But now, the IRS is clear: the U.S. government wants people to invest in real estate to stimulate the economy, and they will provide massive tax incentives to do so. Some of the most common deductions are depreciation (often accelerated), mortgage interest, property tax, operating expenses, and repairs. When you are an equity investor in an apartment syndication, you are actually a limited partner in the partnership. While limited partnership is considered to be passive, you still get all of the associated tax deductions based on your proportional ownership of the property. This makes commercial apartment assets incredibly tax efficient.
As a passive investor, you receive a K-1 for tax reporting purposes. Due to massive tax incentives, you'll most often see a passive (or paper) loss while your property is actually cash flowing. This can be used to offset passive gains in other parts of an investor's portfolio. On top of usual business deductions, most operators will conduct a cost segregation study which provides bonus depreciation of an apartment asset. As a result, it's common for properties to look like they are losing money (again, on paper) while they are actually cash flowing. This translates into real income for your wallet that you don't have to pay taxes on.
Other tax benefits include cash-out refinances that return most of your principal investment, 1031 exchanges that defer capital gains taxes from property sales, and the use of Self-Directed IRAs and eQRPs as savings vehicles. Contact us for more information on these options, and feel free to contact your CPA to discuss the best options for your particular situation.
Diversification is a big topic these days. When we get our first job and we're finally making enough to be able to save for retirement, we are taught that you have to diversify. This means different things to different people, but the generally accepted version goes like this: you hand your money over to an expert (such as a financial advisor) who places your money into stocks that differ in size, industry, geography, and corporate strategy along with a percentage of bonds that do the same. This is the generally accepted version of diversification, and if you do this, then your investments are as safe as they can be, right?
Eh, not really. The problem with traditional diversification is that everything is tied to the emotions of the market. You may own stock in a great company such as Amazon or Microsoft, but they can still lose value when the overall market takes a hit. Commercial real estate values are based solely on the income they produce, while stock values are often subject to the bullish or bearish nature of the current market.
True diversification looks more like the pie chart here, with around 50% of your investments in the stock and bond markets and 50% in real estate. Your real estate investments can include any blend of the following:
Performing Real Estate Notes
Mobile Home Parks
Multifamily properties provide a wonderful hedge against inflation. While bond yields may go down, everything else goes up in price according to the Federal Reserve's inflation target of 2% each year - this includes rents! Conveniently, as rental income rises, so does the value of an apartment building. The same can't be said for stocks or bonds.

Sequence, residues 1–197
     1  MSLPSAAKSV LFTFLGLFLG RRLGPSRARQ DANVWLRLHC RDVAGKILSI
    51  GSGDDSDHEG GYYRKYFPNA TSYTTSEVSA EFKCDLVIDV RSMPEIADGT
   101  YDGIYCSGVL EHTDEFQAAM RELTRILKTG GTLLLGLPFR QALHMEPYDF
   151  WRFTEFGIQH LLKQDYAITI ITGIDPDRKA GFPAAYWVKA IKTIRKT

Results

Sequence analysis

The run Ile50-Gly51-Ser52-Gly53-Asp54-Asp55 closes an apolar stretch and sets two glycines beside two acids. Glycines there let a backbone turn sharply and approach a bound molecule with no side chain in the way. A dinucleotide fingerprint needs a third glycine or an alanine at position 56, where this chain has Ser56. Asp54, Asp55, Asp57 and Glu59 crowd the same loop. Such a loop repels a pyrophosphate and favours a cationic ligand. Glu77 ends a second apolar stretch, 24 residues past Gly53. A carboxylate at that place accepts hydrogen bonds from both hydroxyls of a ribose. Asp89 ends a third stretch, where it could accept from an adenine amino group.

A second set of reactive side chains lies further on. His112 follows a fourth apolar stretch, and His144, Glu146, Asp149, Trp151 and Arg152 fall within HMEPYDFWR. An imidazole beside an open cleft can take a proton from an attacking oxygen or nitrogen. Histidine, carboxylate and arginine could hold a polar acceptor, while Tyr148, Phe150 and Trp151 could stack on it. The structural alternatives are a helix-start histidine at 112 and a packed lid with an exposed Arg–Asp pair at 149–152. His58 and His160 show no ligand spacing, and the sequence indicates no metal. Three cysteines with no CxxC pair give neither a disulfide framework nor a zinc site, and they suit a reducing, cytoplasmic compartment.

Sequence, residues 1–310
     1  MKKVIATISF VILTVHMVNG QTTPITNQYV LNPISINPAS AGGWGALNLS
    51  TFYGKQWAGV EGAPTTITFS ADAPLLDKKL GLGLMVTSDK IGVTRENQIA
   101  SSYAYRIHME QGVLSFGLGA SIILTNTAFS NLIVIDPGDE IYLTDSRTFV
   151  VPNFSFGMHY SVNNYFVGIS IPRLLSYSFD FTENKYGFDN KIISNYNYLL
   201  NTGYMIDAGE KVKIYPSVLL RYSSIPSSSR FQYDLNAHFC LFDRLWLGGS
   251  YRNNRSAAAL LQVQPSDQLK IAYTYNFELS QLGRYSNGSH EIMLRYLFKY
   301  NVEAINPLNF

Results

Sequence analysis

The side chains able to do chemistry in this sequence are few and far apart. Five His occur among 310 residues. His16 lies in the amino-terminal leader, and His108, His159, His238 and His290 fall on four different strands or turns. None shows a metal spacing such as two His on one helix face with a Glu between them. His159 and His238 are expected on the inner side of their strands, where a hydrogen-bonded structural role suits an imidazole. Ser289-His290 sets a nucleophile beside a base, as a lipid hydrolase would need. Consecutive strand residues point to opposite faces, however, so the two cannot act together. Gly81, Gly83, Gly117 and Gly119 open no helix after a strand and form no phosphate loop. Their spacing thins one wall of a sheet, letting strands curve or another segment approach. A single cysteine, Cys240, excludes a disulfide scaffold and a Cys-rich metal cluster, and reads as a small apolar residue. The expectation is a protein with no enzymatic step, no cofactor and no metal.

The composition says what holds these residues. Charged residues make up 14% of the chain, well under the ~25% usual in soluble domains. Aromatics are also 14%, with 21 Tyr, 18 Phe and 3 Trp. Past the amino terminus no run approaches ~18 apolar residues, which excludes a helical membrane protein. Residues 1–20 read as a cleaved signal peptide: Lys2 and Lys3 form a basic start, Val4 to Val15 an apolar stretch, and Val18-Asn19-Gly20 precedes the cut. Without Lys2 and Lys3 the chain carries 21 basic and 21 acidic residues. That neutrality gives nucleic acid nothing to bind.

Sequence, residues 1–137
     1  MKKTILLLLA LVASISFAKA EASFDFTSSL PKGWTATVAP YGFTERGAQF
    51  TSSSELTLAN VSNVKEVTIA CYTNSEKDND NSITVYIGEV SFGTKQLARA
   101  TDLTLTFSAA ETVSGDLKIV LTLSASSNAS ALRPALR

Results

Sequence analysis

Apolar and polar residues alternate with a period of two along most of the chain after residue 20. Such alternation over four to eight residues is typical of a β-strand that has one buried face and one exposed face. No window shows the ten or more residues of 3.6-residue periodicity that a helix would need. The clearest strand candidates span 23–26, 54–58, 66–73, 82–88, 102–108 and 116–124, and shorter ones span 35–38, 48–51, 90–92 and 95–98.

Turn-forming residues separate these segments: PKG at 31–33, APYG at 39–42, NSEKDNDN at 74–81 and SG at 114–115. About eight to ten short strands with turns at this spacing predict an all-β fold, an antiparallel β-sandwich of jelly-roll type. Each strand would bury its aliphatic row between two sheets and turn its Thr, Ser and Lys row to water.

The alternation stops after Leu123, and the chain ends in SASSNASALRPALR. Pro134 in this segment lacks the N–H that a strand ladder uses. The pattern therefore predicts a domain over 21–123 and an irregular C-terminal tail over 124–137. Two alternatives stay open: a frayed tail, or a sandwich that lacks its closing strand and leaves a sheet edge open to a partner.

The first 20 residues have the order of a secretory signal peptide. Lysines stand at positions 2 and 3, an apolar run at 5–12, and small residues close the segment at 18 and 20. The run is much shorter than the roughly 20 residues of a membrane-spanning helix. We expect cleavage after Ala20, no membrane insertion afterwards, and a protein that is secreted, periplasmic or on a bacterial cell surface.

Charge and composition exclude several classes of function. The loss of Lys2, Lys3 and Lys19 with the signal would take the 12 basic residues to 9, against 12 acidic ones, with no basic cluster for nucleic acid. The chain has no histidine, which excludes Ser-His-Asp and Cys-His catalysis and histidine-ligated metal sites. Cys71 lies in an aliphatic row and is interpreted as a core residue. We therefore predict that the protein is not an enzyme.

By adjusting your portfolio with inflation-hedging, cash flowing apartment buildings, you can continue to see substantial gains during the good times and the bad. You can put passive income into your pocket, even if you experience job interruptions during your career. That financial security alone is worth its weight in gold.
Invest with a Self-Directed IRA or eQRP
There are multiple ways to invest in apartment syndications. You can use:
Many bank and brokerage firms offer "self-directed" retirement plans, but they only allow you to invest in the products that they sell, limiting you to Wall Street stocks, bonds, and mutual funds. By utilizing a partner such as Midland IRA (www.midlandtrust.com), you will have the opportunity to invest in alternative assets such as real estate, private equity notes, hedge funds, LLCs, and more. This allows you more control over your retirement funds and investing decisions.
The most intriguing and perhaps most beneficial option on this list is the eQRP, which stands for Enhanced Qualified Retirement Plan. The eQRP allows you to invest almost identically to a Self-Directed IRA and the like, but has additional benefits such as checkbook capability (no need for a custodian), protection from UBIT taxes that can eat away at profits within your IRA or 401k, and so much more. Damion Lupo is the eQRP expert, and he has been on numerous podcasts such as The Real Estate Guys and Apartment Building Investing with Michael Blank espousing the benefits of this obscure retirement plan. The good news is that your Traditional IRA, 401k, TSP, 403B, or 457 may be eligible to rollover into an eQRP. Contact Damion and his team at for more information.
Low risk doesn't equal no risk. Private Placement Memorandums, or PPMs, are created to outline the risks of any particular investment. During the Great Recession, the loan delinquency rate on apartment buildings was approximately 0.4% vs. 4% for single family homes, but that 0.4% wasn't zero. Occupancy rates in Class B and C holdings remained steady around 92%, which is well above the breakeven mark of 60-65% for most investments. Also, real estate is generally illiquid because it cannot be quickly sold or traded like stock for fair market value. If you seek more liquidity over a five year period, other investments may work better for you.
Lenders have become more strict, which is a safeguard for investors. Most banks will not provide funding for first-time apartment investors. The lending requirements of presenting a solid business plan using conservative underwriting, utilizing appropriate insurance, and thoroughly inspecting the multifamily property also leads to mitigated investor risk. At On Call Capital, we only work with experienced operators who have a proven track record of success.